Over the weekend, gold went through an unexpected flash crash, with the price of the precious metal falling to $1,686 an ounce. The price steadied on Tuesday, with the spot price standing at $1,729.80 an ounce.
This price crash was partly seen as a reaction to last Friday's stronger-than-expected U.S. employment data, combined with market holidays in Japan and Singapore.
However, analysts say the current uncertainty about COVID-19 is likely to support gold as part of a diversified portfolio, but “potential buyers are sitting on the fence concerned about the possibility of tapering to start early,” Saxo Bank analyst Ole Hansen said.
Central banks are regaining their appetite for gold: the latest data from the World Gold Council showed global central banks were net buyers of the yellow metal in February, with Hungary tripling its gold reserves in one of the biggest purchases by a central bank in decades.
On Tuesday, the Senate passed a $1 trillion infrastructure package that includes $550 billion in new spending on transportation and broadband, and is expected to help boost the economy following the reopening from the pandemic. The passage of the bill pushed the Dow and the S&P 500 to new record highs.
The Dow Jones Industrial Average rose 162.82 points to 35,264.67 to close at a record. The S&P 500 increased 0.1% to 4,436.75 and closed at a new all-time high.
European companies that reported earnings on Tuesday included the German meal-kit provider HelloFresh and insurance company Munich Re, as well as the UK-based life assurance business ABRDN and InterContinental Hotels Group.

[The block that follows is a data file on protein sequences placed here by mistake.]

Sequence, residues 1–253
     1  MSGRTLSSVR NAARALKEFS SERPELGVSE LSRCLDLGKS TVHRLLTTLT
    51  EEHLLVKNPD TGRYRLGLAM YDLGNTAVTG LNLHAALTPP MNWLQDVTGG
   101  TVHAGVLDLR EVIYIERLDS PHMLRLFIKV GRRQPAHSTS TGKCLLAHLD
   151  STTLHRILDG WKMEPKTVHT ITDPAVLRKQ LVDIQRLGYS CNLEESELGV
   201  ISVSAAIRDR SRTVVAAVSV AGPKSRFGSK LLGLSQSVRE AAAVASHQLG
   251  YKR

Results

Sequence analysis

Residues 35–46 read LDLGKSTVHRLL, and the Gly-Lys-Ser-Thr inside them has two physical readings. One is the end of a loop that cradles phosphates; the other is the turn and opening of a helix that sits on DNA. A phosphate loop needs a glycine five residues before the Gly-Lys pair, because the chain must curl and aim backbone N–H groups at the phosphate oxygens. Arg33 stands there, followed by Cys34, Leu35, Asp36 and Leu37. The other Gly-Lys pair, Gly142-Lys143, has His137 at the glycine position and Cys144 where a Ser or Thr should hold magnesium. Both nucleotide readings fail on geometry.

Elon Musk’s SpaceX is buying satellite data start-up Swarm Technologies as part of a rare deal that would expand the space company’s team, and possibly the technological capabilities of its growing Starlink internet system.
Swarm will become “a direct wholly-owned subsidiary” of SpaceX, based on a merger deal reached on July 16. According to Pitchbook, Swarm last completed a fundraising round in January 2019 at a $85 million valuation.
“I say 20% to 30%. I used to be at 50%. It’s something that’s fundamental. It’s always been there,” the chairman and CEO of Orascom Investment Holding told CNBC’s “Capital Connection”.
Sawiris has even launched a $1.4 billion gold mining fund last month, stressing that the move was “personally motivated” because a substantial part of his net worth is in gold.
What else is happening
Will the U.S. default this time? U.S. Treasury Secretary Janet Yellen urged Congress once again to raise the national debt limit, which now stands at $28.5 trillion. Failure to do so could trigger a debt default or another federal government shutdown.
“As I said in my letter to Congress on July 23rd, increasing or suspending the debt limit … simply allows Treasury to pay for previously enacted expenditures. Failure to meet those obligations would cause irreparable harm to the U.S. economy and the livelihoods of all Americans,” Yellen said in a statement.
Company’s CEO Adam Aron said the company will have the necessary IT systems in place by the end of the year.
The price of bitcoin swung drastically over the past few weeks, last trading around $46,000 after falling below $30,000 in July.
The analysts said some of the changes thought to be “irreversible” for centuries to come.
“The alarm bells are deafening, and the evidence is irrefutable: greenhouse gas emissions from fossil fuel burning and deforestation are choking our planet and putting billions of people at immediate risk,” U.N. Secretary General Antonio Guterres said.
An intriguing idea that our future might be weirder than we think was raised by Holden Karnofsky, the co-chief executive officer of Open Philanthropy.
In his view, the combination of rapid knowledge expansion, artificial intelligence, biotechnology, genetic engineering, and a new computing paradigm, “are likely to change what it means to be human.”
See you next week!